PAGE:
WITH A LARGER-THAN-LIFE presence, and a passion for the arts and for basic integrity, Martin Dannheisser was a champion of press freedom in politically precarious times. His was the presence that turned any dinner party into a memorable event, and he was the man who could ignite a laugh in the bleakest of contexts. A beloved friend, deeply respected professional and treasured family man, Dannheisser died suddenly in his sleep on 28 August 2018. He was 78.
Known and loved in bridge-playing circles and speech-making ones, Dannheisser adored the medium of the newspaper. Indeed, in his Johannesburg home, there was a display of slugs from the pre-computer days of hot metal printing, when printers set type by hand. These beautiful wooden and sometimes cast letters mirrored from the ones you can read, were inked and printed in relief: Wonderful objects and conveyors of meaning to the world.
Martin and his brother Peter ran a community newspaper during apartheid called the Springs Advertiser, and a printing works named New Era Press, which became famous among anti-apartheid activists in the 1970s and 80s for refusing to buckle when the racist regime tried to stifle all papers it didn’t like.
In the midst of the states of emergency and the killings of the 1980s, most newspapers and journalists had succumbed to the threats of the apartheid government. Some daring ones, however, continued producing investigative stories exposing the sordid nature of the regime’s actions. But where would they print them? And how would they distribute them?
“The Springs Advertiser!” those in the know would surprisingly say. Running what was ostensibly an out-of-the-way commercial rag, Dannheisser was one of the last remaining pillars of a free press during that tortured era of the South African media when violence was everywhere in the country and newspapers had to be printed under grim, frightening circumstances.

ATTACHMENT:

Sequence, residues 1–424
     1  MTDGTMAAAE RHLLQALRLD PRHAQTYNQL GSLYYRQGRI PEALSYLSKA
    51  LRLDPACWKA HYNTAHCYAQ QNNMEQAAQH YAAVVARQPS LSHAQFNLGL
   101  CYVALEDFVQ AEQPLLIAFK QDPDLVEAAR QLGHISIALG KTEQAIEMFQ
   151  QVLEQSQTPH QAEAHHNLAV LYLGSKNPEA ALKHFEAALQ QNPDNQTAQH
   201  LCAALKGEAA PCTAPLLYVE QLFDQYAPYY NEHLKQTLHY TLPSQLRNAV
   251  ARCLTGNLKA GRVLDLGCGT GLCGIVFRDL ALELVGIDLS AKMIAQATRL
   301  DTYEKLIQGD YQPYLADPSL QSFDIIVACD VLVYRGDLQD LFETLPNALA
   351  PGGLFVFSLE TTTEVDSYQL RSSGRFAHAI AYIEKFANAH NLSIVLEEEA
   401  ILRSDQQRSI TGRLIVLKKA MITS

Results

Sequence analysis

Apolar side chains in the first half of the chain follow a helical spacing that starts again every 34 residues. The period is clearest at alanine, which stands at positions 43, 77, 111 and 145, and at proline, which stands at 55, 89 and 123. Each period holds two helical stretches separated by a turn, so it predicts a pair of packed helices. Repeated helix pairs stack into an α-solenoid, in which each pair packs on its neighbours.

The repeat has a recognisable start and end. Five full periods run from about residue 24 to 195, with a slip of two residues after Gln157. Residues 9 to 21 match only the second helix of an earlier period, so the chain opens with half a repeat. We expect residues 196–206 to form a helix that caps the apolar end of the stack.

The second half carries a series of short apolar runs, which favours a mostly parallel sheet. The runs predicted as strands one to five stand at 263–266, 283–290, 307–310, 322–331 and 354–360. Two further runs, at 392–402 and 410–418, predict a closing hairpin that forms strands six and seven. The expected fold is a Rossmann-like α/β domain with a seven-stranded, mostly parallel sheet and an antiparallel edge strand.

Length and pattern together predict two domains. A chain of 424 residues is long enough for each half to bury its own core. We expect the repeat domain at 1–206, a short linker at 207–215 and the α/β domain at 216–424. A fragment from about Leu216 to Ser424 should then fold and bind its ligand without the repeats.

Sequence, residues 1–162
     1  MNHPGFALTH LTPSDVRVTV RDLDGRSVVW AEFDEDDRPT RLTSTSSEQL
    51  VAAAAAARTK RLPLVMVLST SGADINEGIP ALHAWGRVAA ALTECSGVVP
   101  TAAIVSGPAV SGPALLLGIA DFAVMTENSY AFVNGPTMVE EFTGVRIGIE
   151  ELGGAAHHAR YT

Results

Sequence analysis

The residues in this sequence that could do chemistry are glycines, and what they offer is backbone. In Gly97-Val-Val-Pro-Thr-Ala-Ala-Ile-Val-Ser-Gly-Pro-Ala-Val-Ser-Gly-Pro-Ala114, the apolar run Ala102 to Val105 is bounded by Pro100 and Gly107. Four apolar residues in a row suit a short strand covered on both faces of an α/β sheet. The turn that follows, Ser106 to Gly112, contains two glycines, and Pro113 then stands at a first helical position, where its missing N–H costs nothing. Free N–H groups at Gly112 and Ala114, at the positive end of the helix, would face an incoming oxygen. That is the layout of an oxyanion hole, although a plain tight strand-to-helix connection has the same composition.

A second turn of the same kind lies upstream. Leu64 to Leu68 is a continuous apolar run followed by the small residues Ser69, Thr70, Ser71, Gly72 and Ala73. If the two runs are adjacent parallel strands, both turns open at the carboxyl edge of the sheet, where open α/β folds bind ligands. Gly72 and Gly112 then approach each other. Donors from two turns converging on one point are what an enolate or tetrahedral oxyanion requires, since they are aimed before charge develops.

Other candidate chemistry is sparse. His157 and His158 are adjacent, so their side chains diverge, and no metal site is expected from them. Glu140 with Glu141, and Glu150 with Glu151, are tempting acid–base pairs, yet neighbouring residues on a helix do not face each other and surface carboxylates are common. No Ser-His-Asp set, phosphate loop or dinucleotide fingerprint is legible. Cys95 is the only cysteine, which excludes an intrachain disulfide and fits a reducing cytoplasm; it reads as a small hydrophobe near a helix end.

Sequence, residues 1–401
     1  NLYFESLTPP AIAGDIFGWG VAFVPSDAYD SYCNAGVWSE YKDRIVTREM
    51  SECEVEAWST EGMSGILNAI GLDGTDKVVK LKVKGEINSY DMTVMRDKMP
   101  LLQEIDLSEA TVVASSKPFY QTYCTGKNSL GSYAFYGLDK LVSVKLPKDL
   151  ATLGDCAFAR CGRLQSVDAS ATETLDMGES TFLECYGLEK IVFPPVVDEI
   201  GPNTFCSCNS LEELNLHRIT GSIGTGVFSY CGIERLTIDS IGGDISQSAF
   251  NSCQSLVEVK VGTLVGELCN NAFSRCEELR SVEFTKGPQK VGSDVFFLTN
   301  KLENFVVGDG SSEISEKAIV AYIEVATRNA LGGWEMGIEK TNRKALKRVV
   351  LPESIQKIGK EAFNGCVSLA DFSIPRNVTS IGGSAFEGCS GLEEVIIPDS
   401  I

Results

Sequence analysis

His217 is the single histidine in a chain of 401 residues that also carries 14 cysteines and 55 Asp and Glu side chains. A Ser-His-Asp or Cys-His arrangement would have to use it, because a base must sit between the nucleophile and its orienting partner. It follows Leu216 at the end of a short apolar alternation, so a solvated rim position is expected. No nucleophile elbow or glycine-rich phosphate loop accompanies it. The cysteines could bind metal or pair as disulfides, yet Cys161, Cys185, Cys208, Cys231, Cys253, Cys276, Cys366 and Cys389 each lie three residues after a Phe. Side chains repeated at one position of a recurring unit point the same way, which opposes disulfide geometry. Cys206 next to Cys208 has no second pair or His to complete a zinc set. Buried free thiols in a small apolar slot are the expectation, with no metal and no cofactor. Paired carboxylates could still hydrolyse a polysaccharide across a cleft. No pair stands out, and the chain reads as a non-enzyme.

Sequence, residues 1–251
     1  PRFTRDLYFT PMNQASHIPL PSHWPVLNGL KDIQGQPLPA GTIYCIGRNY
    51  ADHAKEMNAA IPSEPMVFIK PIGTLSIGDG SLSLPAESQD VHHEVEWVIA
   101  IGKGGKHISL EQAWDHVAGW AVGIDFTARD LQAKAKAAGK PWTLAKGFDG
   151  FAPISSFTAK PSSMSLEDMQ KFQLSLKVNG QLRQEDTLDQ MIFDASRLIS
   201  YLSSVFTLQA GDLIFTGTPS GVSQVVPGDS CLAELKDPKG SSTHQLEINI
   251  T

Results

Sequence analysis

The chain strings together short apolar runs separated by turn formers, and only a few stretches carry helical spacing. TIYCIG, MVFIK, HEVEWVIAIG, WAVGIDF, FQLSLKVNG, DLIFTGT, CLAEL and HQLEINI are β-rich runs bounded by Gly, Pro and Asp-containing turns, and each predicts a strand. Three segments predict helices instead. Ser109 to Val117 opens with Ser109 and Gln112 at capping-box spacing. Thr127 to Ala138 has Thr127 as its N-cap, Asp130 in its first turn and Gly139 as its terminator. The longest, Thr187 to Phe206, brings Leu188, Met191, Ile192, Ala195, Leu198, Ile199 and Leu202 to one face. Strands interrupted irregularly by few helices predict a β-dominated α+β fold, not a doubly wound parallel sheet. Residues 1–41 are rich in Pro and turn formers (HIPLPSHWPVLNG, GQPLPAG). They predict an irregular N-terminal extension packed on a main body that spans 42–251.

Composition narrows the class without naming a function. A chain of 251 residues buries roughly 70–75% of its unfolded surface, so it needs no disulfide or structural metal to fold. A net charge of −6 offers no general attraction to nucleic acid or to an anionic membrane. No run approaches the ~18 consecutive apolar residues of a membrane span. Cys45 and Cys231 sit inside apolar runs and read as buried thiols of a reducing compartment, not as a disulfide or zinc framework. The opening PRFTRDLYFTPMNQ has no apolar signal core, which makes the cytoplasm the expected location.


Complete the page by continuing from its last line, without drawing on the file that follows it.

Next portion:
He was the classic veteran newspaper man in the ‘old’ style: tall, rough-cut, with a hardcore work ethic which would make him stay up long hours to get a paper print-ready. He believed doggedly in an independent press; his company provided services to a wide spectrum of papers, including high-profile anti-apartheid publications such as the Weekly Mail, right-wing Afrikaner publications, and cultural publications such as one for the then Inkatha cultural liberation movement which aimed at a resurgent Zulu nationalism.
He had a mischievous, dry sense of humour with which he would catch people by surprise. He once took the arts editor of a local paper aside and told her with a straight face that he intended to scrap the entire arts section of the paper and replace it with advertising. She was appalled. And outraged. And then she saw the sparkle in his eye. Dannheisser was a great lover – and supporter of the arts in South Africa, across the board. He and his wife had season tickets at many of Johannesburg’s theatres and concert halls and were brave and impassioned enough, even in their latter years, to visit theatres and arts festivals in out-of-the-way and dodgy places. Their personal contemporary South African art collection boasted gems by artists of the ilk of Deborah Bell.
Dannheisser was also a very straight talker. When an advertising sales rep in a local paper once glibly announced at a sales meeting that she hadn’t achieved any sales for several weeks, he responded angrily that she should ‘get off her backside’ and go out and sell and sell and sell! She picked up her handbag and ran out of the room in tears. Later that day her husband called to threaten the editor. Dannheisser was, of course, on the mark.
A great orator, coming third in the world in a Toastmasters competition, and a celebrated Rotarian, he was someone for whom culture mattered. A trained tour guide of the city’s heritage, Dannheisser had a wise sense of perspective and priorities.